Debris from anti-satellite test no danger to ISS, India says

"We don't need any more tests at this orbit now", though he did not rule out the option of conducting more tests in the future. All critical technologies for the test were developed indigenously and about 90% of the entire test in indigenous, Dr. Reddy added.

He also clarified that a test done on 12 February was not an ASAT test, but a ballistic missile that was used to take out an electronic target - in response to media reports that the 12 February test was also an ASAT test that failed.

On various responses by the U.S. on India's anti-satellite launch, including the one by NASA administrator James Bridenstine terming it a "terrible thing", Saran said New Delhi treats the State Department statement as official and drew attention to report that NASA has conveyed that it is continuing with ongoing cooperation with India on space including on human space flight mission. NASA had warned that the risk of debris colliding with the International Space Station has risen by 44 per cent since the Indian anti-satellite weapon test. India Becomes Elite Space Power With Successful "Mission Shakti" Test.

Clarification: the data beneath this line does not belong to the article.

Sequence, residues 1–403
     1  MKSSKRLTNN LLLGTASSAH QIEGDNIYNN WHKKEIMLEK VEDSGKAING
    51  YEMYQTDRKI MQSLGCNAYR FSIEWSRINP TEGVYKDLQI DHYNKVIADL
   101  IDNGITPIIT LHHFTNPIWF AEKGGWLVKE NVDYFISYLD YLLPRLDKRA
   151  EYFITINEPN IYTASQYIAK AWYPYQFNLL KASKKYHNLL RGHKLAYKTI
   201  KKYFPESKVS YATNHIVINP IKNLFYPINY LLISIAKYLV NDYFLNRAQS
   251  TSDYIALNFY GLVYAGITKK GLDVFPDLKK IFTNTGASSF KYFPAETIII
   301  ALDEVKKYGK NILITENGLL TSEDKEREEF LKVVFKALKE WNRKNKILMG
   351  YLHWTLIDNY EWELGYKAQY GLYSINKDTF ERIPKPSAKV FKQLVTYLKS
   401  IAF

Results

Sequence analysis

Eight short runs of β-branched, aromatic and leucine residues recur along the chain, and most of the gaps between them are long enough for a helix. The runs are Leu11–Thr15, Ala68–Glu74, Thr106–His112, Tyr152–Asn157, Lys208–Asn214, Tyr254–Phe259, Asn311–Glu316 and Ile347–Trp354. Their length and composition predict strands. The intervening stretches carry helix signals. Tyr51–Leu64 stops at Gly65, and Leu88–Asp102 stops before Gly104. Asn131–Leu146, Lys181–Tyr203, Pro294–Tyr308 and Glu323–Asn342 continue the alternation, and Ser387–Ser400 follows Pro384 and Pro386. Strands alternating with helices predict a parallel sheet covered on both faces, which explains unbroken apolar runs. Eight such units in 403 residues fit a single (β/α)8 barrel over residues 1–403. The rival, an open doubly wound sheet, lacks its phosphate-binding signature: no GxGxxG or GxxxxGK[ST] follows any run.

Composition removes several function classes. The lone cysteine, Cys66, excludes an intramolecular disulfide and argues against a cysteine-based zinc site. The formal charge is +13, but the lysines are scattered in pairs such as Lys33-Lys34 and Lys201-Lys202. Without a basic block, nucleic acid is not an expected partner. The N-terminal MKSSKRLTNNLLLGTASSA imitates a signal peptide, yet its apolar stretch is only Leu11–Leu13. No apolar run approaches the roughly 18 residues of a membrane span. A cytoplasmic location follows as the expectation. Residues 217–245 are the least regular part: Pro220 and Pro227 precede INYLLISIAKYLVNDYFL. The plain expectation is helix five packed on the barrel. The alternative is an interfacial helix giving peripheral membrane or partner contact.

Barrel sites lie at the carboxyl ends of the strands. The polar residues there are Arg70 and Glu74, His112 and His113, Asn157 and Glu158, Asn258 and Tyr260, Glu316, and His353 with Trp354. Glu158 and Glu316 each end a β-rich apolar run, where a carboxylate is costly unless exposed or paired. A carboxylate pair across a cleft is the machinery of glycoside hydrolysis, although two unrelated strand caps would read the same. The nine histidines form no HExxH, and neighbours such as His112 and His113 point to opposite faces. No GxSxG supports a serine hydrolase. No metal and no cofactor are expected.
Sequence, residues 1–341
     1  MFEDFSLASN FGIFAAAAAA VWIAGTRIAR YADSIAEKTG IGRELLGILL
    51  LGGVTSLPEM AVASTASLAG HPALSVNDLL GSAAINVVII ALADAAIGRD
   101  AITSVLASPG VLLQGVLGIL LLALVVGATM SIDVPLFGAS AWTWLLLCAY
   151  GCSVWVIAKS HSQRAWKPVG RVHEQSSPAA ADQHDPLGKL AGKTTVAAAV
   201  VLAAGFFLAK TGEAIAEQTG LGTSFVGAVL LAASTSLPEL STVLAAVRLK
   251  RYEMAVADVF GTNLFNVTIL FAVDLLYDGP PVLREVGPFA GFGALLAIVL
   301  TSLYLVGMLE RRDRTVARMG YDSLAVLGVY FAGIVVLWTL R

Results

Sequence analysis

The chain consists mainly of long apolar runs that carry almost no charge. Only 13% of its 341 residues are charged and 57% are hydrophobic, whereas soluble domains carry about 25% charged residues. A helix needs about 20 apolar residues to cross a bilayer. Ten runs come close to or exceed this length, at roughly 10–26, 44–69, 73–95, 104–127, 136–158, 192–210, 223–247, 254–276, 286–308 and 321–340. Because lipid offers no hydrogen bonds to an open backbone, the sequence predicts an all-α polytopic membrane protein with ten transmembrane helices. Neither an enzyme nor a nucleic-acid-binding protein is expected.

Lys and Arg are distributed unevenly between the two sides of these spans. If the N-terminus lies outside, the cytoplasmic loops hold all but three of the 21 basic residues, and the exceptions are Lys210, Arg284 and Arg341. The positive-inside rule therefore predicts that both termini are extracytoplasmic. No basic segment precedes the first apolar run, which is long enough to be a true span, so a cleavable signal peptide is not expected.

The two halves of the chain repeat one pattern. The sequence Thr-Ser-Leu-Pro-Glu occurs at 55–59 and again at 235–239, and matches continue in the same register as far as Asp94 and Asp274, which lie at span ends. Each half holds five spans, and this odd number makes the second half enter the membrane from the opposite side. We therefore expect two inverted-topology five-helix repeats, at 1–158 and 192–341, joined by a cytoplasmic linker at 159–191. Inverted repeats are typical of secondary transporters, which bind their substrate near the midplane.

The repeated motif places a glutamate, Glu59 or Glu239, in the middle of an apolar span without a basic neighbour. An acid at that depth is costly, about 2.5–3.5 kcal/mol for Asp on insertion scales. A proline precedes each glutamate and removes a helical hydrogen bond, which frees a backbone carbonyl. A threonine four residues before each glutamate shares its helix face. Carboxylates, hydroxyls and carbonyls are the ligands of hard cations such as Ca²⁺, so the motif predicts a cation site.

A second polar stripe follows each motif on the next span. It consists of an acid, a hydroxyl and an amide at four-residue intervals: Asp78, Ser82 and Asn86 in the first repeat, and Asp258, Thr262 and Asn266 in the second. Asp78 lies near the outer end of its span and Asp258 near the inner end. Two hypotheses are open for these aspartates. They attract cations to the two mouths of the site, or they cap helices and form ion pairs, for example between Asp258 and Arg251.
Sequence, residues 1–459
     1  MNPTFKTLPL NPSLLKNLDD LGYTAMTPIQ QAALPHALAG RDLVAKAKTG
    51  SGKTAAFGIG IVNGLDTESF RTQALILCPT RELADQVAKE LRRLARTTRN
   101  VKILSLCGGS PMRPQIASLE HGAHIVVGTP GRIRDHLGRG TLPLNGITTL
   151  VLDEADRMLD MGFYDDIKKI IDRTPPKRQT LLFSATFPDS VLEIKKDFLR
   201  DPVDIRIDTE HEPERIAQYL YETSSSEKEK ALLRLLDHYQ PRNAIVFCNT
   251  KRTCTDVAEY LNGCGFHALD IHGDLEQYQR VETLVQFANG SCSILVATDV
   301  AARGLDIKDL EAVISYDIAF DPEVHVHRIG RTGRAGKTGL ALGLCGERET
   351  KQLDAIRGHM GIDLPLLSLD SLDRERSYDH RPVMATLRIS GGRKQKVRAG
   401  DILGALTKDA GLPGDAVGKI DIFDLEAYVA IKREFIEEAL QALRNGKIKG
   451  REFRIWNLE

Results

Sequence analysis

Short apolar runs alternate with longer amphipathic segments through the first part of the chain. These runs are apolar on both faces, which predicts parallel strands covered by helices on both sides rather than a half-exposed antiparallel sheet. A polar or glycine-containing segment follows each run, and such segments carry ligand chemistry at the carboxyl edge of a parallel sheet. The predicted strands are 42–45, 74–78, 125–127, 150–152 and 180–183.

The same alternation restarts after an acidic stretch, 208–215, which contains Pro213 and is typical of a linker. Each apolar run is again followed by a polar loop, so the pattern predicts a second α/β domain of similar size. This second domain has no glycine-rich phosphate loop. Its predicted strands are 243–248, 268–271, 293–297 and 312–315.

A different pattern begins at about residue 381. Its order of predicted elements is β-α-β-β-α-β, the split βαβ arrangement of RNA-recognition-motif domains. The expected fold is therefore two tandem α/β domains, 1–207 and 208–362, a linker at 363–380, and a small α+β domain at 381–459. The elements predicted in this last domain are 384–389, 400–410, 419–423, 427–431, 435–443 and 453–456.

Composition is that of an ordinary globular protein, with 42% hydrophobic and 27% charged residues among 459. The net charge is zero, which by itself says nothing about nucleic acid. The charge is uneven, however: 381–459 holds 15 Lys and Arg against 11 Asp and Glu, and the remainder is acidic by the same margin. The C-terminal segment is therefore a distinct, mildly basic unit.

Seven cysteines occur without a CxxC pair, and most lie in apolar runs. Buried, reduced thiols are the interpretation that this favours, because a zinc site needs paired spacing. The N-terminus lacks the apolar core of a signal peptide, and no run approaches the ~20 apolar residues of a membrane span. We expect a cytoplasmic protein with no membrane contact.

Reddy further said, "The complete mission what we have defined is automatic and without human intervention anywhere because the precision with which you have to launch are very high and so the launch computer takes care of it".

Investigators say anti-stall system activated before Ethiopian Airlines crash
The investigation into the March crash, which is being led by the Ethiopian Transport Ministry, is still at an early stage. However, the source said the investigation is still underway and officials may still find another culprit in the tragedy.

Bridenstine and other space experts also said the risk from the Indian debris would dissipate as much of it would burn up as it entered the atmosphere. "Our simulations show all debris will decay in 45 days", he added.

Reddy also responded to criticism by former home minister P Chidambaram, who had faulted the government for making India's ASAT capability public. "Space debris is composed of satellites, parts of launch vehicles, etc. Best way of defence is to have deterrence". "This is a ground-based direct hit works for defence also".

Some 150 scientists, including at least 40 women scientists, worked round-the-clock, and especially in the last six months on this project. However, India had already achieved the capability of shooting out moving targets in the space, way back in 2011 and has been testing long-range missiles for years.

  • Douglas Reid